Ye Zaifu

One of those young Chinese men Mauchan was referring to might well have been a young Chinese designer named Ye Zaifu (1888-1957). According to a biography (in Chinese) I located, he was a 30-year-old Technician at Kiangnan when the project was awarded in 1918 and during the course of the project rose to Deputy Engineer in 1920 and Engineer in 1922.

Prior to that Ye Zaifu had graduated from the Imperial Naval Academy, Guangdong in 1906. In 1912, he was admitted to the University of Glasgow, Department of Shipbuilding, specializing in shipbuilding engineering. In 1914 he transferred to the United States Navy Yard in New Groton, CT. He was one of about 30 young Chinese men hand-picked to accompany Vice Admiral Wei Han to the Electric Boat facilities to observe the building and operation of the latest American submarines. China was considering buying up to 200 submarines for their own fleet. This is amazing because there was no higher tech industry than submarine building in the world at this time, and the fact that America was willing to openly share that technology with China speaks volumes to the eagerness of America to strengthen their ties to China and gain an edge over our European and the Japanese rivals. The deal fell through, however, as the leader of the Republic at the time, Yuan Shikai, attempted to install himself as emperor, leading to political instability and the American’s losing confidence.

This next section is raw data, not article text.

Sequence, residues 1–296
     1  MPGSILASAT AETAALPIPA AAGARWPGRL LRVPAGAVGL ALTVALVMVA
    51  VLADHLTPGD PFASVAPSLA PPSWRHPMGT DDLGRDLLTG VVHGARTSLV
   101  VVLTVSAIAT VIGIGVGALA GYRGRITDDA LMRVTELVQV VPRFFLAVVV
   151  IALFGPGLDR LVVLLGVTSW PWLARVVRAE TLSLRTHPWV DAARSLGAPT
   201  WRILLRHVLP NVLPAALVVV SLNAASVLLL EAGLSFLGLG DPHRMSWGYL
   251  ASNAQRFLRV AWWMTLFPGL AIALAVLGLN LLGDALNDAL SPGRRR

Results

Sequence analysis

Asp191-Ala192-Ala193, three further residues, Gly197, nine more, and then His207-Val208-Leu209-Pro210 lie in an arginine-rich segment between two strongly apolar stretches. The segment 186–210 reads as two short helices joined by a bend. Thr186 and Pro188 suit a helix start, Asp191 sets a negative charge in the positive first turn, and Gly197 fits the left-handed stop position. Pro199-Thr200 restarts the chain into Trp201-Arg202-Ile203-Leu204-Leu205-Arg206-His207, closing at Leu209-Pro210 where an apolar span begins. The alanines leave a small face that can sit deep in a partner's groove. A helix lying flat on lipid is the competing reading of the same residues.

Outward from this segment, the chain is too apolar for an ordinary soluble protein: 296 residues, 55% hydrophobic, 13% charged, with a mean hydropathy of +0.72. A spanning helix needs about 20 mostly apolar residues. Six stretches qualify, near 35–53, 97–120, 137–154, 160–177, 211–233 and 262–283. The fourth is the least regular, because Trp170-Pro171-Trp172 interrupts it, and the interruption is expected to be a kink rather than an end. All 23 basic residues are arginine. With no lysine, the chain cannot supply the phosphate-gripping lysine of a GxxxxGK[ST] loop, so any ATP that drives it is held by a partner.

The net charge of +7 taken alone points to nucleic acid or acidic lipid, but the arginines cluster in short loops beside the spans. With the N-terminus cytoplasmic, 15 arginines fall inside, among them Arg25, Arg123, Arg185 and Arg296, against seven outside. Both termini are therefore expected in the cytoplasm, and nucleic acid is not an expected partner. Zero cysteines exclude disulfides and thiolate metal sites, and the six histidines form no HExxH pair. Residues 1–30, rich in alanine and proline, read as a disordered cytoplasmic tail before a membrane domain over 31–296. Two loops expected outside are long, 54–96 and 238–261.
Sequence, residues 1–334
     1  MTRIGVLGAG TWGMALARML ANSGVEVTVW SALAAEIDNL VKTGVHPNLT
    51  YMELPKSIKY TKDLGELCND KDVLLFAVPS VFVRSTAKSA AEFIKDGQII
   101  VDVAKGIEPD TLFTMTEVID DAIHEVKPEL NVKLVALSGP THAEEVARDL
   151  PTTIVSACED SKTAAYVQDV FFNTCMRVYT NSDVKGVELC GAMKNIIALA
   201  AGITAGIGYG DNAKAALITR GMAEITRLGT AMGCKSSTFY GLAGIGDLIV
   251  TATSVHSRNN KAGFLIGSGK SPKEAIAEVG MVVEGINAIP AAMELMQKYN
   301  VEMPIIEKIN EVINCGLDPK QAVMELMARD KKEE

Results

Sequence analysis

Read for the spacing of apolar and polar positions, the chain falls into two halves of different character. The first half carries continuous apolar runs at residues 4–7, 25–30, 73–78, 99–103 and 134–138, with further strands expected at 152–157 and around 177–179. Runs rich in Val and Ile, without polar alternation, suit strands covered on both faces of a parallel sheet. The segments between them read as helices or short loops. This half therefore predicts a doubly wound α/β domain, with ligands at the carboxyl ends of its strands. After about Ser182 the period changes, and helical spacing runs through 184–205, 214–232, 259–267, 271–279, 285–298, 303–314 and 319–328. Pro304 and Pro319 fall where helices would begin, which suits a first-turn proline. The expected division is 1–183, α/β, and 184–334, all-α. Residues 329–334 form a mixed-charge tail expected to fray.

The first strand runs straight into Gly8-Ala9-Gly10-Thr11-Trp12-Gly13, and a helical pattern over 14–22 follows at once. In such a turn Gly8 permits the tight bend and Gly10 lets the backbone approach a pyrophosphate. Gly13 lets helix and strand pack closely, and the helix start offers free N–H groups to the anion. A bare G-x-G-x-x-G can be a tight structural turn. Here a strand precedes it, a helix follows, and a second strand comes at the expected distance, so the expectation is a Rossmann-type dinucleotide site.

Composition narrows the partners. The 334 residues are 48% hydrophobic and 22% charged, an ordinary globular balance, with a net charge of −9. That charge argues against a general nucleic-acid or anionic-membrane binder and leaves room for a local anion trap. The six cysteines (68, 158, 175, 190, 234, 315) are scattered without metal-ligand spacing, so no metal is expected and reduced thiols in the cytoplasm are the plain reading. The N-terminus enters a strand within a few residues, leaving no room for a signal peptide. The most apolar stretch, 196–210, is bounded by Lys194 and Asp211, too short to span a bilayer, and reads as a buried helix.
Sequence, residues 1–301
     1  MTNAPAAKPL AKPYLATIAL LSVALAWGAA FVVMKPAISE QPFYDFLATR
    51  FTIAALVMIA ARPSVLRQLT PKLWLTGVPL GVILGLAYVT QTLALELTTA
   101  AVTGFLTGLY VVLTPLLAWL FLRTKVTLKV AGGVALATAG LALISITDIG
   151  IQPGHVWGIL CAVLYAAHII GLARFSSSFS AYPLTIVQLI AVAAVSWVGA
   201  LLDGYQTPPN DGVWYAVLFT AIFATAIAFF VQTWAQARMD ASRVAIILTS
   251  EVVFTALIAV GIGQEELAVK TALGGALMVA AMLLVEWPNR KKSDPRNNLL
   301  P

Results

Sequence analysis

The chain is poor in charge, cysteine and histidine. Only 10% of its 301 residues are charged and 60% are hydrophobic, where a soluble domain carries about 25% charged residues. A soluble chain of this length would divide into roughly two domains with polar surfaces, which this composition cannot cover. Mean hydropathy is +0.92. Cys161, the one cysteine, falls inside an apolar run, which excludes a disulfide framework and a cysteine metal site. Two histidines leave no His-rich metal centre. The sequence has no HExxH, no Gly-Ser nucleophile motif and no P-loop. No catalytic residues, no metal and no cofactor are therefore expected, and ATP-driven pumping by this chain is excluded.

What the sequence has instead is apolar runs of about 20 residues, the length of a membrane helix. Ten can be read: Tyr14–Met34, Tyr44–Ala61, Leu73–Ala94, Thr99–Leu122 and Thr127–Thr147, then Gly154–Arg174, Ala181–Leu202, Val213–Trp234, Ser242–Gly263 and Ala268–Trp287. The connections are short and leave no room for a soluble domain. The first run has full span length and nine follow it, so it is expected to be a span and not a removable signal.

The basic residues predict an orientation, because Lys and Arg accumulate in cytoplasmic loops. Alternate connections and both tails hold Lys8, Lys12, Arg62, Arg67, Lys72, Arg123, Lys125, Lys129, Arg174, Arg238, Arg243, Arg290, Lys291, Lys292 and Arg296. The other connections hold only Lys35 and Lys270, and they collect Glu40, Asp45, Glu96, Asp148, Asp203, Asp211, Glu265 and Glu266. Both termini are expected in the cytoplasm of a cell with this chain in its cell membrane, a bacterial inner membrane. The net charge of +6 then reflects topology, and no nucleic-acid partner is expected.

In 1915 Ye Zaifu was admitted to the Massachusetts Institute of Technology and graduated in 1917, receiving a Master's Degree in naval engineering sciences, and soon thereafter returned to China and joined the Kiangnan yard. Ye Zaifu stayed at Kiangnan after the four sisters were completed and continued his work designing and building ships for China, especially rivercraft.

When the Japanese invaded at Shanghai in 1937, he was with the group of experts and engineers that were evacuated inland to Chongqing (formerly known as Chungking) to continue the struggle. He was one of the founding members of the China Shipbuilding Engineering Society in 1943 and joined the Communist party in 1949 when they took control of post civil-war China.

He would go on to direct some Chinese manufacturing facilities and lead many ship design departments in various Universities, training generations of Chinese shipbuilders and engineers. One might call him the father of modern shipbuilding in China.